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Jussi Suikkanen
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It is often thought that one central advantage of expressivism over subjectivism is that expressivism can make sense of moral disagreements. Whereas according to subjectivism, people end up talking past one another, expressivism enables speakers to express disagreements in attitude... Continue reading
Posted 2 days ago at PEA Soup
My collegue Jeremy Williams is organising two cracking conferences this summer here at Birmingham. The first one of these, Ethics, War and Intervention, will be on Friday the 30th of May. The keynote at this conference will be Jeff McMahan... Continue reading
Posted Mar 10, 2014 at PEA Soup
This is merely a request for information. I know that there are lots and lots of applied ethics journals covering bioethics, health care ethics, global ethics, environmental ethics, business ethics, health care ethics, ethics of war and conflict and many... Continue reading
Posted Aug 9, 2013 at PEA Soup
Hi sorry to be so late on this - very interesting discussion. I just wanted to give a quick response of the number 1 type. The uncertainty in question is uncertainty about whether something is wrong overall. Ross predicted that this type of uncertainty is widespread. We've got certainty about what makes acts wrong to a degree but we are rarely certain about where the balance of wrongness lies given that how wrong a consideration makes an act in an individual case varies in different contexts. So, consider a person who thinks that there are various things that make eating meat wrong to a degree (causes pain to the animal, leads to global warming and so on) and various considerations that make eating meat right to a degree (the animal is not a person, it's tasty and so on). If this person is uncertain about where the strenghts of these considerations lies, she might conclude that eating meat might be wrong. Assume then that internalism is true about wrong- and right-making judgments: you can sincerely think that something makes an act right/wrong to a degree only if you are motivated to pursue/avoid that thing (this makes my response a variation of your response). This would mean that the person who thinks that eating meat might be wrong would have to care de re about the things that make that act right and wrong even if they are uncertain about the overall judgment. If this person then decides not to eat meat on the grounds that it might be wrong, it is guaranteed that she will have appropriate motivations.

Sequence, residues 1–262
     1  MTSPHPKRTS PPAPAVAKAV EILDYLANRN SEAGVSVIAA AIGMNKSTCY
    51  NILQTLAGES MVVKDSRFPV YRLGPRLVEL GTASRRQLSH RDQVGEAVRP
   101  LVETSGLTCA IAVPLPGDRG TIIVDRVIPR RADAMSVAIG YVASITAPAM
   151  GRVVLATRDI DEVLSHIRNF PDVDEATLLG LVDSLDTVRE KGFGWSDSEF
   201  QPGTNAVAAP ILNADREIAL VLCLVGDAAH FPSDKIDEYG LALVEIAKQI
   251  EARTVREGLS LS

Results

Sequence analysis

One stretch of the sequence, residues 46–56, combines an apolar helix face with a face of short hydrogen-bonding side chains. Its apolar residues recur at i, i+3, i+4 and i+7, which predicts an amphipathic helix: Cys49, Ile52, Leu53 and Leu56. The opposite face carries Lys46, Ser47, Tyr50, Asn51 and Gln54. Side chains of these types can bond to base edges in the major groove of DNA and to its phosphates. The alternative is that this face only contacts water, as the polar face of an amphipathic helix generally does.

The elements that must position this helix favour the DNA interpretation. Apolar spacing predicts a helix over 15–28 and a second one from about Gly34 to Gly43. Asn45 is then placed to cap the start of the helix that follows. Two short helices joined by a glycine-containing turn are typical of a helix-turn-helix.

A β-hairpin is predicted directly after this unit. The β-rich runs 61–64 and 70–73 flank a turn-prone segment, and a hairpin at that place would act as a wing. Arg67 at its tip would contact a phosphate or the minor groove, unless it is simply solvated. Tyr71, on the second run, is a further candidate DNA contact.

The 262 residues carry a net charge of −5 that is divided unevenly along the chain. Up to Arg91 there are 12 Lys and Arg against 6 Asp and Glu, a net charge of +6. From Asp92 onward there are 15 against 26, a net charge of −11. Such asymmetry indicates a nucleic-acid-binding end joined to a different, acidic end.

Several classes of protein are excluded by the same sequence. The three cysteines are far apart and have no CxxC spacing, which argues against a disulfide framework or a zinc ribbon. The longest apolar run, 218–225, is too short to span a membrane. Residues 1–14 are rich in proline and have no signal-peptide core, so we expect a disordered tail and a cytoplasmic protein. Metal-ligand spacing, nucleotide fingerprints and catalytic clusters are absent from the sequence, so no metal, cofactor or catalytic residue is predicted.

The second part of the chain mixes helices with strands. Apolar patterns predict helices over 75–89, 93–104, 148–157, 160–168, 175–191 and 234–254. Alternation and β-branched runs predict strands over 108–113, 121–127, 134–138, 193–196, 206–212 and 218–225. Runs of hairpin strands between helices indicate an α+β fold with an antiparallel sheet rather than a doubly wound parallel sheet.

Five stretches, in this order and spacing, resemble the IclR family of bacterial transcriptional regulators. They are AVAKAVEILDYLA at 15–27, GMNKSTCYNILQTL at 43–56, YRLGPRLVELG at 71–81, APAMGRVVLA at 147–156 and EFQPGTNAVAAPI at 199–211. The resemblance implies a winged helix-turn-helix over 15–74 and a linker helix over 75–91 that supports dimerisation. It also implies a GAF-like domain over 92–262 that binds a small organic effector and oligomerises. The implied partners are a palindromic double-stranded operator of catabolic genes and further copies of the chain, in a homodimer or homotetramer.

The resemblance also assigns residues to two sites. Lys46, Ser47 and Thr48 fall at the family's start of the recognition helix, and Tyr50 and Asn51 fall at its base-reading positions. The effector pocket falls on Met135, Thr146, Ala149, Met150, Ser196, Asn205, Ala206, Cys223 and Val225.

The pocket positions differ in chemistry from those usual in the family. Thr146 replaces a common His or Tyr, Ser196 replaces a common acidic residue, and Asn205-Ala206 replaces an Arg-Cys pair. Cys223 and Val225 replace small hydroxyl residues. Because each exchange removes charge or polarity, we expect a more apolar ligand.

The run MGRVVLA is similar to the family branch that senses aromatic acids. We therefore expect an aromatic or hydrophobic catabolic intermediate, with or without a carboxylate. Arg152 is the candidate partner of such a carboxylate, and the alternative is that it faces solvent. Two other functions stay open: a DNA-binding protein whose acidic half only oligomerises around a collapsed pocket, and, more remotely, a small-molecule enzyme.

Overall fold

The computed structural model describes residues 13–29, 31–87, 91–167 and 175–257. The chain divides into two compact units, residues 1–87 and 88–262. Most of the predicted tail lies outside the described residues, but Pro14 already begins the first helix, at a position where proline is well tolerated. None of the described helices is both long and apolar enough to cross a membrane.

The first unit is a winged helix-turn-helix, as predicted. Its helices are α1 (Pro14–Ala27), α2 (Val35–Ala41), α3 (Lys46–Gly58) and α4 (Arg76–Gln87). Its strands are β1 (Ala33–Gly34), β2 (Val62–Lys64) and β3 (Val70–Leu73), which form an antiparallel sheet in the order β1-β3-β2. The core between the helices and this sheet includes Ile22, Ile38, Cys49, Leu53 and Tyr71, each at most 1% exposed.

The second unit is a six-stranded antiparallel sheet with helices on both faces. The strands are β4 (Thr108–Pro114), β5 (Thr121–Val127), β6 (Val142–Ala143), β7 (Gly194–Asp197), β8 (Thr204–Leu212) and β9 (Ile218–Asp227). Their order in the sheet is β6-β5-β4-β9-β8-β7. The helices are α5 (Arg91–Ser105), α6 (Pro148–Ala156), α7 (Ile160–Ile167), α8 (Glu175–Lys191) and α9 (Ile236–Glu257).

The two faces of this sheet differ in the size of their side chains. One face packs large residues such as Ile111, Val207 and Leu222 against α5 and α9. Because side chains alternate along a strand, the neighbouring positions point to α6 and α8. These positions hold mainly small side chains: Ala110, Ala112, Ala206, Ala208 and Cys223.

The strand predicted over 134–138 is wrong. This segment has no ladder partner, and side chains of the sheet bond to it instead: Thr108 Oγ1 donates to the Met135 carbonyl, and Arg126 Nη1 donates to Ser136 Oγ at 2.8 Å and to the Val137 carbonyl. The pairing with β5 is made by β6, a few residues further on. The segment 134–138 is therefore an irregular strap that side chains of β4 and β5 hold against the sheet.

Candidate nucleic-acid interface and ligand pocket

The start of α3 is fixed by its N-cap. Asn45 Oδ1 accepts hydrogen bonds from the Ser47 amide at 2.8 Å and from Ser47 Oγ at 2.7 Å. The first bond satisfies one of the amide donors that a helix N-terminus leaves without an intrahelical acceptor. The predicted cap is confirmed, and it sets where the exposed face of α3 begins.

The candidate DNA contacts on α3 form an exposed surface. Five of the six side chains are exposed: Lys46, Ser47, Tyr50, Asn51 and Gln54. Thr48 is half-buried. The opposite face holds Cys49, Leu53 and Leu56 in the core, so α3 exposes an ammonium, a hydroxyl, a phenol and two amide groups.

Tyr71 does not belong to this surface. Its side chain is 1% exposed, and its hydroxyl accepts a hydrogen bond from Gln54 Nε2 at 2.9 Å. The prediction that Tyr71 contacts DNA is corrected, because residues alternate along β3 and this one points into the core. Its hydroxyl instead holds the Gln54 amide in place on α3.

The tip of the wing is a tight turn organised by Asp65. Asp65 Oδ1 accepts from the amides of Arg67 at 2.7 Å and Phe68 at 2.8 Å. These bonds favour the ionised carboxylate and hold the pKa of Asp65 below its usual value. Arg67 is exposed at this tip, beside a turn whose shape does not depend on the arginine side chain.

Toggle Commented Jul 30, 2013 on Moral Uncertainty and Motivation at PEA Soup
I’ve been recently interested in subjectivism and how serious the objections to it are in the end. In part, this is a project of thinking how well or badly off the view comes out when we compare it to expressivism.... Continue reading
Posted May 13, 2013 at PEA Soup
I know that a lot philosophers I have met and a lot of you who read this blog are avid readers of novels. Because of this, I wanted to post a 'bleg' ('an entry on a blog requesting information or... Continue reading
Posted Apr 24, 2013 at PEA Soup
There are many ethical theories that think of right and wrong in terms of what consequences the general adoption of moral principles would have. Contractualists think of what consequences the principles would have for individual lives; rule-consequentialists think of what... Continue reading
Posted Feb 16, 2013 at PEA Soup
All of you are of course aware that here in the UK there has been huge phone hacking scandal. This scandal lead to the Leveson Inquiry on Culture, Practice, and Ethics of Press. Last week, on Monday 16th of July,... Continue reading
Posted Jul 25, 2012 at PEA Soup
Moore, of course, thought that intrinsic value is the central evaluative property. Admittedly, specifying what counts as an intrinsic property is an interesting and difficult question in itself. Let me offer just a quick sketch. On this proposal, whether an... Continue reading
Posted Jun 13, 2012 at PEA Soup
Eric, thanks a lot for these critical thoughts on my book review. I often wonder if anyone really carefully reads book reviews, and so it was wonderful to see this kind of thoughtful critical reaction. Just few points corresponding to your points: 1. Note that in the Gallery example you are asked to describe your visual sensations. I assume that feelings and emotions are not such. But, I'm happy to think of emotions as modes of representations that usually too are directed outwards. Moods are perhaps trickier. 2. I think here you might be using transparency in another sense. In that sense, transparency means that you are immediately right about what your attitudes are. The indirect method I am inclined towards where you find out about your attitudes by thinking about the external world does not entail anything like that. I agree that we often require others. Self-deception is probably fairly common. But that too is a glass through which we look at the world outwards. But, you might be right that transparency is a self-deception for me. I've been very influenced by people like Simon Blackburn and Richard Moran on this (you can find similar thoughts from Sartre too). 3. I'd like to hear more about the modern advertising thought. It seems to me that those kinds of mechanisms work unconsciously whereas I was thinking of practical reasoning from the internal phenomenological perspective. Kekes says that he is explicitly trying to capture the latter. On the other hand, if one explicitly thinks that I'll buy this because it makes me look cool as the advert says then it seems like I am again thinking about the external features in the world.